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Secure Startup Hardware-Enhanced Security. Stacy Stonich Program Manager Windows Security Microsoft Corporation. Peter Biddle Product Unit Manager Windows Security Microsoft Corporation.

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secure startup hardware enhanced security

Secure StartupHardware-Enhanced Security

Stacy Stonich

Program Manager

Windows Security

Microsoft Corporation

Peter Biddle

Product Unit Manager

Windows Security

Microsoft Corporation

slide2

A large multi-national company who wishes to remain anonymous told us that they lose an average of one corporate laptop per day in the taxicabs of just one US city…

session outline
Session Outline
  • Problem: Easily Stolen Data
    • Current situation
    • Customer pain
  • Solution: Full Volume Encryption (FVE)
    • What it provides
    • The feature in action
      • Demo
    • Architectural Details
    • Value Add
    • Recovery Scenarios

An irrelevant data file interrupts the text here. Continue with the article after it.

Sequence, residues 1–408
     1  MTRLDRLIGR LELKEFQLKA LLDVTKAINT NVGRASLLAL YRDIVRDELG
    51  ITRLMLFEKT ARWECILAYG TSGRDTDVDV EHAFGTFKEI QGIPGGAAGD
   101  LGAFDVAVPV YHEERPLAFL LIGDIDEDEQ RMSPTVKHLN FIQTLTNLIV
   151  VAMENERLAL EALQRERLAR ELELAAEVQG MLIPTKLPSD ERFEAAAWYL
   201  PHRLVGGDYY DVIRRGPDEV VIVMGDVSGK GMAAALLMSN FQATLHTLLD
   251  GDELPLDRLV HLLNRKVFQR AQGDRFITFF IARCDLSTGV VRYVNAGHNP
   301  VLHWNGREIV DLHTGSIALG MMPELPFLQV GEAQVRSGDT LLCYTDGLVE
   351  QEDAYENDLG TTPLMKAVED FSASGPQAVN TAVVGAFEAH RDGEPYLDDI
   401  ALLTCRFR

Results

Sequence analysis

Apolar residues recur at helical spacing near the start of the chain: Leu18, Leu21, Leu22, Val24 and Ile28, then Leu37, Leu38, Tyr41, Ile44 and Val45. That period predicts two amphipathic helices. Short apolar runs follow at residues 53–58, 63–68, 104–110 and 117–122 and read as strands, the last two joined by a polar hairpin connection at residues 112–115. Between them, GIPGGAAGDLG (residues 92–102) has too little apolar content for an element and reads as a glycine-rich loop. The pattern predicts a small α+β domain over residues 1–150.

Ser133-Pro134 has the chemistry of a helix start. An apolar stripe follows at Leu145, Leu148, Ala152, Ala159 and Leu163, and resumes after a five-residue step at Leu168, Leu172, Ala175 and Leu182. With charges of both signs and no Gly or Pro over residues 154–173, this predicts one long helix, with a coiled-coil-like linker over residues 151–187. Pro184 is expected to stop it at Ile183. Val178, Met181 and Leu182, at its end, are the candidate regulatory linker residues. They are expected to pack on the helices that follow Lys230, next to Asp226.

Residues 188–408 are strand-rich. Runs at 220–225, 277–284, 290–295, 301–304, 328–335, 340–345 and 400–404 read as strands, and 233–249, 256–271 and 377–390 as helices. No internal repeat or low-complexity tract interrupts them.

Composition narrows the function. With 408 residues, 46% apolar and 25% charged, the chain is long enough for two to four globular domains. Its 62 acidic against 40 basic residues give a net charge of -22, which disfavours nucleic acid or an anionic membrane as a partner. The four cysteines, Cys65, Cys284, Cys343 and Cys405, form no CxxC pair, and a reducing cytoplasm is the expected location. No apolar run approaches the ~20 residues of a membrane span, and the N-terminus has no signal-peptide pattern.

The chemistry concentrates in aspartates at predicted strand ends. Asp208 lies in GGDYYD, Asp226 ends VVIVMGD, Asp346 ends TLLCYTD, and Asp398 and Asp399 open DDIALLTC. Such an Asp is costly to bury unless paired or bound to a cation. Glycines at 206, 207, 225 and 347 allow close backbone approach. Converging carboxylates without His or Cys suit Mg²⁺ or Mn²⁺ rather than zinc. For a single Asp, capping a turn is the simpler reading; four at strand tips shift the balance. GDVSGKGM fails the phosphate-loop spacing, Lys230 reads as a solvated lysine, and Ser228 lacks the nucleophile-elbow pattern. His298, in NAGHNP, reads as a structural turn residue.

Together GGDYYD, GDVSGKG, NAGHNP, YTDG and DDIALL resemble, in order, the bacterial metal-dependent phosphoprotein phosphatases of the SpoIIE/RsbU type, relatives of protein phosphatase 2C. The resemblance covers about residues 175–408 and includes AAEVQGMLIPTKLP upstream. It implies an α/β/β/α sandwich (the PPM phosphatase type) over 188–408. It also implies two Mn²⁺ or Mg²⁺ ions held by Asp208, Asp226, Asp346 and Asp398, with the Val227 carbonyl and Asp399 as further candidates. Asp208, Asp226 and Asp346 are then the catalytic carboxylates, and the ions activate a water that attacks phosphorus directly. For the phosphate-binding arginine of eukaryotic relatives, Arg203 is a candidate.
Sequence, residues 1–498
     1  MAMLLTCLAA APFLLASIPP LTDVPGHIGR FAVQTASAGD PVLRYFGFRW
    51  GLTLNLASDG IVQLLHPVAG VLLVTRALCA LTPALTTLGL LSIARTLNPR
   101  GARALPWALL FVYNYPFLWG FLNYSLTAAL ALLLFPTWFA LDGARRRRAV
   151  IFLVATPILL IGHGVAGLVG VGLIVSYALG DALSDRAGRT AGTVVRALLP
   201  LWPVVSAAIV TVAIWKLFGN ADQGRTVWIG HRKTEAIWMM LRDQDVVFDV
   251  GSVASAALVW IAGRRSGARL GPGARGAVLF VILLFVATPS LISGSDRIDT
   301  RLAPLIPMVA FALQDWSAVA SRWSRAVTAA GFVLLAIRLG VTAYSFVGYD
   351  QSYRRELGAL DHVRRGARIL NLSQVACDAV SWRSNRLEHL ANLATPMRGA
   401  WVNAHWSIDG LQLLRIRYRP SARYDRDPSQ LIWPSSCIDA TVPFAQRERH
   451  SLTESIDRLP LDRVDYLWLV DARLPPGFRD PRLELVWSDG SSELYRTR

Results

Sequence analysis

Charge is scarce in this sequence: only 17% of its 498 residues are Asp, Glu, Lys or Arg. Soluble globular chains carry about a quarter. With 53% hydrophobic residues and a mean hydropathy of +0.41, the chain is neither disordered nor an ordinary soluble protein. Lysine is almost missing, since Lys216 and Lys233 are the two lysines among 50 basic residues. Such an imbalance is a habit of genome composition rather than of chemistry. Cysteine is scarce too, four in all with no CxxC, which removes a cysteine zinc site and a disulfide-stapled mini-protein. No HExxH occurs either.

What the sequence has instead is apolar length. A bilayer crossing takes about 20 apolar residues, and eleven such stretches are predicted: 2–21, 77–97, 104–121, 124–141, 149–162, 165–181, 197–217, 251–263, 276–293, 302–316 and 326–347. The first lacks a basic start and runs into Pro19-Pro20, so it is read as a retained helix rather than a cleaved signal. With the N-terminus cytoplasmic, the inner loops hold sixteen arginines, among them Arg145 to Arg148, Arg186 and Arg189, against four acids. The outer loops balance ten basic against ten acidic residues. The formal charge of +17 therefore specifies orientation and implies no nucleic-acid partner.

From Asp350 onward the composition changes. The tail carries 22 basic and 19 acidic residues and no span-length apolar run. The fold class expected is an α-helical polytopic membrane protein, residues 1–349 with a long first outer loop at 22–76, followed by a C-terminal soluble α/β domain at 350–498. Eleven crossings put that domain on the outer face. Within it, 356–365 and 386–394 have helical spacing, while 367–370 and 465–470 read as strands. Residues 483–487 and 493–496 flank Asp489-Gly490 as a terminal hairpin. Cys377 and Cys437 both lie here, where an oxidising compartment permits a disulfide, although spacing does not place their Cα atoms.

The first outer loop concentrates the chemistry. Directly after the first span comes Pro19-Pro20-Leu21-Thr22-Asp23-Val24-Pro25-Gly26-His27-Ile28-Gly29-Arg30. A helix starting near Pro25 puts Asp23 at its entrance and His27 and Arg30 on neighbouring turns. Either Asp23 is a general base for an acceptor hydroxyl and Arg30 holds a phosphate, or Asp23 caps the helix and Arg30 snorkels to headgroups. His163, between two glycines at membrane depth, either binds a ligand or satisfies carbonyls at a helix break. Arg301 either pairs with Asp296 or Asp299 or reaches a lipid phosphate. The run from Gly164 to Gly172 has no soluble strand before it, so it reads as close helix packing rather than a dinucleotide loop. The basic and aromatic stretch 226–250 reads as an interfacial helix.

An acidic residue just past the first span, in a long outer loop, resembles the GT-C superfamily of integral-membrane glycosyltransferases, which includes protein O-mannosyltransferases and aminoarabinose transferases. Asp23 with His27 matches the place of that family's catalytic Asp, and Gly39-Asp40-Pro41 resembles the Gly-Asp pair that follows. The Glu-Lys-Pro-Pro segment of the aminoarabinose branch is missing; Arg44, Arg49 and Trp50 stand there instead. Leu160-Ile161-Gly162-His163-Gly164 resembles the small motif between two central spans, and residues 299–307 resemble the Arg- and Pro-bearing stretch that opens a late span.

• Wrap up
    • Q & A
session goals
Session Goals
  • Attendees should leave this session with:
    • A better understanding of Secure Startup
    • Knowledge of where to find resources for how to build platforms that support this feature
    • An understanding of how they can add hardware and software support to the feature
current situation
Current Situation
  • Password recovery programs are widely available that enable offline attacks whichcan circumvent Windows XP datasecurity mechanisms
  • Offline attacks expose core system keys that allow for the compromise of secured data
  • Hundreds of thousands of laptops are lost every year
customer pain
Customer Pain
  • Difficult to protect the data on lost or stolen laptops
  • Corporate networks can be attacked via lost or stolen machines
  • User data stored on hard disk may be tampered with without a user knowing
  • User data from encrypted files may be disclosed to others during runtime
  • Compromise of users’ encrypted data can occur
  • Machine data cannot truly be erased
industry data
Industry Data
  • “Dutch public prosecutor … was condemned yesterday for putting his old PC out with the trash. It contained sensitive information about criminal investigations in Amsterdam, and also his email address, credit card number, social security number and personal tax files.” – The Register, Oct 8, 2004